Author’s note: Weekends with my aiga (extended family) on Manono Island were excellent opportunities to practice my Samoan language skills. My hosts spoke no English, but were exceedingly patient and had a wonderful sense of humor – often roaring uncontrollably with laughter at my efforts to learn the language – which I eventually succeeded in doing.
Living in Samoa brings one close to life – and death. Babies are born at home. Chickens and pigs are raised, then slaughtered and eaten. Fish is caught from the sea and other delicacies are gathered daily from the reef at low tide.
Sunday mornings, we were up well before dawn to build the umu (rock oven), scrape coconuts and squeeze the shredded coconut meat through the husk into cream. I held the torch while my brother Malie knocked a pig out with a few well-aimed rocks to the head before finishing the job with a pipe pressed across its throat.
After singeing the hair off in the fire, we scrubbed and scraped it clean. I held the carcass steady as Malie slit the belly and then thrust his hand into the warm gut to rip out its contents, including the heart and liver, which we wrapped in banana leaves for the oven.
Stuffing the cavity with dry leaves, we covered it with hot rocks along with taro (starchy root), palusami (young taro leaves filled with coconut cream and fresh vegitables), bananas, and fish wrapped neatly in woven coconut leaves and covered with large green banana leaves to bake.
Manono Island is a prime example of tropical beauty and unspoiled Polynesian culture. For the most part, people live as they have for thousands of years, with the addition of one significant influence – the Church. Since 1830, Christianity has become a central part of Samoan culture.
Each village has at least one church. Everyone goes to lotu (worship services) each evening and twice on Sundays. Women dress up in white hats and puletasi (full-length dresses). Men wear white shirts and lava lava (a skirt-like wrap-around).
Kids sit together in church under the watchful eye of an adult parishioner wielding a long switch poised to quiet a fidgety youngster. The faife’au (pastor) reads scripture and delivers a thundering “fire and brimstone” message in the tradition of the early missionaries. In full and perfect harmony, the congregation sings hymns accompanied by a small organ. Monetary offerings are announced in church – a real “keep up with the Jones” obligation to the church.
Lotu-a-Tamaiti (White Sunday or Children’s Sunday) falls on the second Sunday in October and is as big a day as Christmas for the children of Samoa. It is the only day of the year that the children get the best food, eat first, and enjoy tasty deserts at home. To’ona’i (mid-day feast) is prepared by the adult family members and served to the children – a complete role reversal. As usual, the best and largest portions are given to the faife’au (pastor) as a meaalofa (love gift).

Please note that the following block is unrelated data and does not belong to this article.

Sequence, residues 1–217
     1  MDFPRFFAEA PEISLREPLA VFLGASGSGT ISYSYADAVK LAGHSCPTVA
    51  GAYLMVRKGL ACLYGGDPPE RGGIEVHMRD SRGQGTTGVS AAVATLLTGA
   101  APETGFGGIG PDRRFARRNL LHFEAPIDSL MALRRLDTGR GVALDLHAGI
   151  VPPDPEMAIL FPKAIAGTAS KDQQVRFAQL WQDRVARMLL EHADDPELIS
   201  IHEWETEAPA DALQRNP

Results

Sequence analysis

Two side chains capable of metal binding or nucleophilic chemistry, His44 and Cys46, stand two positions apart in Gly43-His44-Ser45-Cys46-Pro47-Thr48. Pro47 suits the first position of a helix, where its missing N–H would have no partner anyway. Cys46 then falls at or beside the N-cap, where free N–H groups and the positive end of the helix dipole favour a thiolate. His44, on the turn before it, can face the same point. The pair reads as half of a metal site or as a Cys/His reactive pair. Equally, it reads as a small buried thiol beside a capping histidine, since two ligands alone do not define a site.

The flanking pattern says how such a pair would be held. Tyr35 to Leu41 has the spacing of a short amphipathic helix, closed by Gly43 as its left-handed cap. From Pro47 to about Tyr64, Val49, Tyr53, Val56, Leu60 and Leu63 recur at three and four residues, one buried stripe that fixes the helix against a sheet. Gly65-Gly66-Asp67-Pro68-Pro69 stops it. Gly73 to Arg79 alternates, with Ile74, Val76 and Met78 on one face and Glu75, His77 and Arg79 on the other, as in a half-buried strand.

The children lead both Sunday services (morning and evening) singing songs and performing skits. At lunch, women offer their breasts to the babies – so, as we feast on baked pig, taro and fish, the little ones get mother’s own freshness.
A Samoan fale (house) typically has very little furniture, or anything else for that matter – except a boom box, for news and music. Mats woven from locally grown flax cover the floor for sitting, eating, and sleeping – and although I brought gifts (soap, basic medicines, etc) whenever I visited my aiga, even special items like swim goggles and a fishing knife for my father Uila would be gone the next time I visited, having already been given away to someone else.
Apparently it is more honorable to give your possessions away than to accumulate things. On the other hand, sandals left unattended or clothing drying on the line might just walk away. Whenever I ran into someone wearing one of my shirts (or my sunglasses, etc), I would be politely assured they would be returned – and even laundered. Otherwise, they were gone.
Uila told me he had 14 children, but every time I visited there were new faces, others missing from the gathering, someone else pregnant, etc. It was not uncommon for family members – young children included – to move from one extended family household to another as circumstances dictate, including unmarried daughters to the pastor’s house – presumably for safe keeping.
An interesting phenomenon in many parts of Polynesia is mo’i totolo (sleep crawling) whereby secret rendezvous are managed by sneaking under the raised floor of your sweetheart’s fale and poking a stick through the floor slats, then sneaking down to the beach together – romance in the islands!
Stay tuned for more stories, coming soon!